John, born in 1960, was a Nursing Auxillary at Brockhall Hospital for about a year from 1982 to 1983.
His main involvement was with children. However, if the male adult wards were short staffed they would often ring the children’s wards and ask for staff to come across and help.
He has very positive memories of the leadership on the children’s ward. In contrast he was shocked by the attitudes of those in charge of the male wards.
And there were certain practices – and I think a lot of it was the attitude of the charge nurse or the sister that what went on in the ward – What freedom you had to make changes or propose any changes. Some of the staff – I’ll not say a lot – were more institutionalised than the people who lived at Brockhall. It just had to be that routine! It had to be done that way! And they just couldn’t see through the fog… Their way of doing things. Maybe they’d worked in the hospital for years and years and years and there was just no change in them whatsoever you know.
So how was that for you…?
Extremely frustrating. And I think that was one of the reasons why I was only there for 12 months
The Charge Nurses that I met at Brockhall Hospital I can’t remember their names, I can’t even remember their faces, but I just remember their attitude, and it was, ‘I don’t give damn’ attitude. This is a cushy life for me. Most of the time they just spent their time in the office, in the background. You would never see them. It was always the two or three auxillaries that were absolutely sweating like crazy, just trying to give some time, some care and attention to each and everyone of those guys that had no life in a sense really. That’s how it came across to me at the time. I know I was young and I’d never experienced this certainly with adults. But it came across to me as, You really have no life.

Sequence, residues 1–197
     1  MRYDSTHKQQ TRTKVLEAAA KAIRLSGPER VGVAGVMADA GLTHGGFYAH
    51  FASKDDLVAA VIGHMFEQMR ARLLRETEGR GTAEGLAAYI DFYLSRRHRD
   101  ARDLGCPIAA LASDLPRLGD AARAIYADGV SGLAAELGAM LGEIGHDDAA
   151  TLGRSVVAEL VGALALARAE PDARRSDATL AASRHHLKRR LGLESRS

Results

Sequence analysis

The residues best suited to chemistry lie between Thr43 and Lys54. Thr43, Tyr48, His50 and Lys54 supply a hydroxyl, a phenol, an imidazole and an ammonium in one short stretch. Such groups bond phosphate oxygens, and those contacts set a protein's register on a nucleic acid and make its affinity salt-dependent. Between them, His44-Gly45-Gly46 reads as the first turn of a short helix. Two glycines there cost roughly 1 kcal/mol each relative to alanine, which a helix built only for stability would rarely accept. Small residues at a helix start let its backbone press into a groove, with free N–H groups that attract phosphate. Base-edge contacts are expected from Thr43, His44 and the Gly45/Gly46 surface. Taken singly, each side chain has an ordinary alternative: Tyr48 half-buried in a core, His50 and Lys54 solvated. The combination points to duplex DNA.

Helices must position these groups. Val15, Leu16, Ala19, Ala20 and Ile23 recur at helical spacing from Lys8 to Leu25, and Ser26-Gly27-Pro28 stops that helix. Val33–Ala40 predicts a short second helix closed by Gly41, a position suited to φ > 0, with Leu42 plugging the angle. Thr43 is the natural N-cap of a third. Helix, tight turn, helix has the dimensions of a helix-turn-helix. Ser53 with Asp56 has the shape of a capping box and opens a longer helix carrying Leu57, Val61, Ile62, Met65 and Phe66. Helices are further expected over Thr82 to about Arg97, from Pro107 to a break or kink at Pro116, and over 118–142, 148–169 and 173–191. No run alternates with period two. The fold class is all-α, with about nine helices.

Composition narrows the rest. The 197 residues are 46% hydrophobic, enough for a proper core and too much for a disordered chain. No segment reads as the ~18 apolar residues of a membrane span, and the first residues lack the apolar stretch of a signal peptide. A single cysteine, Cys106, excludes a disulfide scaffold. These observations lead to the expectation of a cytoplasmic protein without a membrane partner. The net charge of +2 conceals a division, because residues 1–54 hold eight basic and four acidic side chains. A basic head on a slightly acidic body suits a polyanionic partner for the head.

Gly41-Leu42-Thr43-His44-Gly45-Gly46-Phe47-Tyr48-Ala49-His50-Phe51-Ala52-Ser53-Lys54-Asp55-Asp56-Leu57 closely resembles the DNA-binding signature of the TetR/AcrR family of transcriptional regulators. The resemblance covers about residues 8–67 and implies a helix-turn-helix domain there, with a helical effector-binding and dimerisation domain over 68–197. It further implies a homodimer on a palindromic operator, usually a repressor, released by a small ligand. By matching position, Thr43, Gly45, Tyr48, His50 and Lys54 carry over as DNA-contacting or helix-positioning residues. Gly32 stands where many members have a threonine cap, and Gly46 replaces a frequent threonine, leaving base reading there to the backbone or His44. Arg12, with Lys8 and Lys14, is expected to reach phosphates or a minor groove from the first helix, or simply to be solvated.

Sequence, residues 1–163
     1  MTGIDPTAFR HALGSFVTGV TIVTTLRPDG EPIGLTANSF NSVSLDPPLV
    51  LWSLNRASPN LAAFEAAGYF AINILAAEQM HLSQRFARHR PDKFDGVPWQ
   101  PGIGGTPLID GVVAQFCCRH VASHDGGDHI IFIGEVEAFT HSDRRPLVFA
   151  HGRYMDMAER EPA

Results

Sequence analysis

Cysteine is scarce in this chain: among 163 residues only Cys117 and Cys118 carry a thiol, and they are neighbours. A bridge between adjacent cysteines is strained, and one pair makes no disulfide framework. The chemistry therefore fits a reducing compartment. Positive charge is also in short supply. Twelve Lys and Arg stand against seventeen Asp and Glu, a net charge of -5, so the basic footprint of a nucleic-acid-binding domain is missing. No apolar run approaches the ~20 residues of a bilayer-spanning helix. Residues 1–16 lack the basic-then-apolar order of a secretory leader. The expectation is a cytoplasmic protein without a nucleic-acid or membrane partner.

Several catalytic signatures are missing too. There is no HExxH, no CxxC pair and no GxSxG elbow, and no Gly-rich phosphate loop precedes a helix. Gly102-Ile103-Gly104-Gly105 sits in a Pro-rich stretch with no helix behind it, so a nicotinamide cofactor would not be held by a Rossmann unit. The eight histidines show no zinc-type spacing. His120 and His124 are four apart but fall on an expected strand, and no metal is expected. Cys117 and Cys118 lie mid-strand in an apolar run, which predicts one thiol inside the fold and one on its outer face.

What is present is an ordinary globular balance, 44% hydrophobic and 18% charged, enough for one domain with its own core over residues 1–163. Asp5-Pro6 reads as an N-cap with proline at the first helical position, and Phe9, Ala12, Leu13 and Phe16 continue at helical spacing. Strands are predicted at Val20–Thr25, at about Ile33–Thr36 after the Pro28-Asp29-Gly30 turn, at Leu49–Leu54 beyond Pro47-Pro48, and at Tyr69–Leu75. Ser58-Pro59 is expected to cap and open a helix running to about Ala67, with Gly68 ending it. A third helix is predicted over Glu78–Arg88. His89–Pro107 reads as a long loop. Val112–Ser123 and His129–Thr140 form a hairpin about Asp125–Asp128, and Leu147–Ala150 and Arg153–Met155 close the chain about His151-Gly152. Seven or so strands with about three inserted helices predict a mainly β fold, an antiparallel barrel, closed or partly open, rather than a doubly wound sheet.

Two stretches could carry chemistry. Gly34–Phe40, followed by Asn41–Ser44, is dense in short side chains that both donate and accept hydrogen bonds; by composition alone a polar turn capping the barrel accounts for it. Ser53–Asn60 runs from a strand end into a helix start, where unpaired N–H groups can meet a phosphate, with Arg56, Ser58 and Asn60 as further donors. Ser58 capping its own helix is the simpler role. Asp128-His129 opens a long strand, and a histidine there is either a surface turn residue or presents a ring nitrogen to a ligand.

I can’t remember whether any of the wards that I worked on were locked. But there certainly were locked wards. Yeah. And you would have either the Staff Nurse or the Charge Nurse with a massive bunch of keys on their belt. You’d hear them jingle. You’d hear them coming. Yeah there was a few that – a couple that I can think of that thought they were the bees knees – Because I’ve got the keys on my belt. You’ve got to go through me for EVERYTHING. That kind of attitude, you know.